How to Eliminate Risks with Fire and Gas Detection


Eliminating Risks with Fire and Gas Detection

FGS detection and mitigation is a safeguard against unacceptable fire and explosion risk. FGS actively identifies the release of flammable materials and mitigates the consequences by various means, including:

  • Active Alarms
  • Water Spray Fire
  • Explosion Deluge
  • Emergency Shutdown System (ESD)
  • Ignition Source Isolation

An FGS that has been properly designed will not prevent a hazardous consequence from occurring; however, it can reduce the likelihood of a small leak escalating into a much larger consequence that could damage equipment or fatally injure personnel.

Fire and Gas Detection Systems (FGS) are critical components for the overall safety and operation of any facility and its personnel. Using dedicated field devices, FGS detection continuously monitors heat, smoke, temperature and toxic or combustible gas levels.

Furthermore, it is included under the Occupational Safety and Health Administration (OSHA) provisions with the intent to minimize the catastrophic consequences of toxic, reactive or explosive chemicals.

Three Ways to Determine FGS Effectiveness

There are three factors that determine the overall performance of an FGS, as measured by the risk reduction it provides.

1. Detection Performance:

An inadequate detection rate has the potential to restrict the overall efficiency of a system. According to research conducted by the Health and Safety Executive (HSE), which analyzed eight years of data regarding hydrocarbon releases, the rate of effective detection stood at a mere 60%. Furthermore, the identification of numerous releases suffered from delays, enabling flammable clouds to expand and the resulting consequences to escalate. This underscores the point that even with dependable mitigation systems in place, achieving satisfactory risk reduction is contingent upon maintaining extensive detector coverage. When it comes to functions like FGS (Fire and Gas System), the evaluation of detector coverage should receive comparable, if not heightened, quantitative scrutiny similar to assessing the average probability of failure on demand for the hardware design.

2. Mitigation System's Availability:

This is the probability that the system will perform as designed. The International Society of Automation (ISA) framework (ANSI/ISA-61511-1-2018 / IEC 61511-1:2016) gives requirements for the specification, design, installation, operation and maintenance of a Safety Instrumented System (SIS) and calls for the allocation of safety functions to determine the Safety Integrity Level (SIL). For an FGS, an SIS is used to implement one or more safety functions, composed of any combination of gas and fire sensors, logic solvers and final elements such as isolation valves, water spray, etc.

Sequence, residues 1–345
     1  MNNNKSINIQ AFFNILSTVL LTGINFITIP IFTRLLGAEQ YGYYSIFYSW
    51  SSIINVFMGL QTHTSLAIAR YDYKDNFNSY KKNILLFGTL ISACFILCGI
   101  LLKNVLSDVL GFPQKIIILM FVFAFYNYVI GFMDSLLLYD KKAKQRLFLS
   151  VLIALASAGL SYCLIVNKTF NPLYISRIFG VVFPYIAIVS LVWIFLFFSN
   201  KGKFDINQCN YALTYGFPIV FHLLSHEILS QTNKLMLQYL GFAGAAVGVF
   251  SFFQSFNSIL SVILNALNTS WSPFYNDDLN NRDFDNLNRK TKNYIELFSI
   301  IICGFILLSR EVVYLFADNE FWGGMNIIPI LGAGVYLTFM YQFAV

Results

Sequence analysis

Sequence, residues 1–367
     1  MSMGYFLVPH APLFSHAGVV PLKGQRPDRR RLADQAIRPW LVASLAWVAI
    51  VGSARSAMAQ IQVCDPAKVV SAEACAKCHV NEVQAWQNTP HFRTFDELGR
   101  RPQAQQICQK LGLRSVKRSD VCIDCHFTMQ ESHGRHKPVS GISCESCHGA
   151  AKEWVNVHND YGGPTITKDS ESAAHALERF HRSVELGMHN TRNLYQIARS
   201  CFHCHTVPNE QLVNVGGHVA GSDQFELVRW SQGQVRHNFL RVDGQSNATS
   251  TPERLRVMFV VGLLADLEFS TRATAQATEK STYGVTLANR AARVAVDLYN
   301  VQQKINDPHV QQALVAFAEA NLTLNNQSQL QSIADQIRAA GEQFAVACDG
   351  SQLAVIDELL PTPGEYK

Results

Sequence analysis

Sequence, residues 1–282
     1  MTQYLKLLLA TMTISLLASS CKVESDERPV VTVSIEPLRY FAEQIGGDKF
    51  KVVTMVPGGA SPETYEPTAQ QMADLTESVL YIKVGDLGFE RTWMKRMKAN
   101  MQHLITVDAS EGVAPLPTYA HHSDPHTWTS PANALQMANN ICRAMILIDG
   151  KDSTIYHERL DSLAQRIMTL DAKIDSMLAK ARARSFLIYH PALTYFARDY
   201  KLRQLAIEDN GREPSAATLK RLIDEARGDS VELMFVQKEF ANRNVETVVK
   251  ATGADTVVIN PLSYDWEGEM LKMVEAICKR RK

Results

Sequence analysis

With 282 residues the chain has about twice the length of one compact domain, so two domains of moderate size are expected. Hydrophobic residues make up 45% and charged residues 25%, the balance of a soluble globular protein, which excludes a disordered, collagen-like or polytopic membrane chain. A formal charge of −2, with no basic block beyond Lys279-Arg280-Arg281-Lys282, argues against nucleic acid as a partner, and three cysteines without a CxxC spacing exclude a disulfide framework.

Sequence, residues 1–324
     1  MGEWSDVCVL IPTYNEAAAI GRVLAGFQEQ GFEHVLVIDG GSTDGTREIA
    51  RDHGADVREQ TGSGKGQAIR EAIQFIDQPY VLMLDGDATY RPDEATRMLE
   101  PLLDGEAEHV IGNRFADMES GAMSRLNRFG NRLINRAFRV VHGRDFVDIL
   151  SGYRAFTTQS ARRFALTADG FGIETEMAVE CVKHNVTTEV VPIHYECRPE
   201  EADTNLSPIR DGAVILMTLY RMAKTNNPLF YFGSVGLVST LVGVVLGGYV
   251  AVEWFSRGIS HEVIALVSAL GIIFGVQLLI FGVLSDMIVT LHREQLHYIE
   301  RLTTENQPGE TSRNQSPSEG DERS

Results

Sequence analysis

3. Evaluation of the Mitigation System's Efficacy:

Typically, this can be ascertained through analysis, utilizing tools like a competent fluid dynamics software package. It's crucial for the water spray systems to be meticulously designed to significantly diminish the outcomes of fire or explosion occurrences. Similarly, evacuation alarms must possess sufficient audibility for individuals in inhabited structures.

The Benefits of the Performance-Based Approach

Several FGS designs are based on prescriptive methods, experience or rules of thumb. These approaches are less than ideal since they fail to quantify the true risk reduction of FGS designs. A better design method is a performance-based approach, as described in the  comprehensive framework ISA TR 84.00.07-2018.

This approach is "intended for use in evaluating the effectiveness of fire and gas systems in process industry applications. It addresses the implementation of FGSs to reduce the risk of hazardous releases involving safety impact.”

Two Ways Detector Coverage Can Be Quantified

There are two methods for determining detector coverage: Geographic and Scenario-based.

1. Geographic Coverage

Geographic coverage starts by locating a design bases' fire or gas cloud size in the area of concern and measuring what fraction of positions are detected by the current layout. This is the smallest allowable hazard that if detected results in the desired level of risk reduction. (For a flammable release, it may be the gas cloud size that can cause unacceptable occupied building damage.)

It is important to note that while a smaller design basis hazard will have a higher risk reduction, it will also require more detectors to meet the necessary detection coverage rate.

The result is an overall detector coverage fraction and a heat map showing which areas have the highest rates of non-detection and are good candidates for additional detectors.


2. Scenario-based Coverage

Scenario-based Coverage rates a model's discrete leak scenarios at equipment locations using a leak size capable of producing a design basis consequence. Each scenario is released in multiple directions and a successful detection by the network is assessed. The final detection coverage rate is the ratio of detected leak scenario cases divided by the total leak scenario cases.

Scenario-based coverage allows for more targeted detector placement near the hazard source and can include the influence of site-specific equipment and geometry on the dispersion or fire spread. However, a downside is that it requires more consequence modeling to ensure all leak sources are accounted for in an area.


In conclusion, it is important to evaluate your FGS function using a performance-based approach via facility siting, consequence, frequency and risk modeling, which allow you to understand to map out your existing or proposed detector layout coverage factor. This will give you clearer assessment and mitigation availability and effectiveness using such modeling capabilities.